DTS registrations lost share (-0.78%) in the year, sliding to 18%.  The other interesting turn is third parties gained over a quarter of one percent (+0.28%) in nine months alone.  The election of 2016 was one of the most energized primary seasons since 1976. Neither party had an incumbent or Vice President running. Both major parties had populist candidates (Sanders & Trump) that activated non-primary voters into action.  My speculation for the DTS drop off is disaffected voters, particularly Sanders supporters came back from Independent status to vote in the primary for the Senator.

The Surge Shown In One Graph


So what does it take to move the numbers so quickly in nine months?  Beating the average growth and in a big fashion.  This chart shows the average growth of all registered voters in 2016 in New Mexico. New Mexico now has 5.05% more registered voters than it did in January of 2016.  If you beat this average, your share of the overall pie grows, if you don’t, it shrinks.  It is that simple.  I show two time periods here, late August and late September and their rate of increase over 01/2016.

Every segment of registration categories gained by raw voters by September, but notice the DTS line.  Their numbers actually fell from January to August of 2016.  Only a late surge got them positive, and still well below the state average.   Republicans stayed with the average growth but did not surge at all at the end, bringing them just under the line.  Democrats beat the average by almost a percent. This is why they reversed their trend.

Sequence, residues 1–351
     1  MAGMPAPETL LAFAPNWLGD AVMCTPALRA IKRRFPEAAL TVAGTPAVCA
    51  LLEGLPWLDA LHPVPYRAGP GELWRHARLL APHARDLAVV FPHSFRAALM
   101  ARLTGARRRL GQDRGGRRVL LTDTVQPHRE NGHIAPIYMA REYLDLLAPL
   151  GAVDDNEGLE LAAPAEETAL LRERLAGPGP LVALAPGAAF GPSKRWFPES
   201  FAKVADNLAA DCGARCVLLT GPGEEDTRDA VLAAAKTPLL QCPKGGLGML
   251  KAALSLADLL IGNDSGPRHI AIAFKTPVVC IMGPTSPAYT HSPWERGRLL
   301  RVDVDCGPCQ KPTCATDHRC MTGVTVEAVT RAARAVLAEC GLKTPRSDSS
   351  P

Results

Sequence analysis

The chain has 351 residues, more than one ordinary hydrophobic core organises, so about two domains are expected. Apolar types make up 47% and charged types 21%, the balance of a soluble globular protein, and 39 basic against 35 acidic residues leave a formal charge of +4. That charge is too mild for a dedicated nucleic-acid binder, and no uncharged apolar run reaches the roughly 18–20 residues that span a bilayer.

Other parties category increased over 12% more than doubling the average rate of increase.  Other includes anything that is not Dem, Rep, or DTS.  Wondering if the Gary Johnson or Jill Stein campaigns were having an effect on their parties, I acquired breakdowns from the Other column for their parties specifically.   The Green party registrations are up over 8% from January. While that is good news in one way, it lags the overall growth of other parties.

The big story is the Libertarians growing almost 24% in one year.  If gaining 19.5% was not enough by August they added another 5% to that in one month!  This is the bulk of the Other party lunge.  True, it is easier to get larger percentage increases when you have fewer voter to start with, but it also means you typically have fewer people doing the work.  As a result, the Libertarian movement this year is none short of phenomenal.